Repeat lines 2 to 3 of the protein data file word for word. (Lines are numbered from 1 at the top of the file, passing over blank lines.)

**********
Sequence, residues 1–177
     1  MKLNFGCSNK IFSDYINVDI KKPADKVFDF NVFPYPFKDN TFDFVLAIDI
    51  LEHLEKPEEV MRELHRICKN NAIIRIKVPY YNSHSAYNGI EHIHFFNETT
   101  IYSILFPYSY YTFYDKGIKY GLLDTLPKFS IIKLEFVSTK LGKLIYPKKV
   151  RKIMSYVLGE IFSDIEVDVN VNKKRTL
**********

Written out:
     1  MKLNFGCSNK IFSDYINVDI KKPADKVFDF NVFPYPFKDN TFDFVLAIDI
    51  LEHLEKPEEV MRELHRICKN NAIIRIKVPY YNSHSAYNGI EHIHFFNETT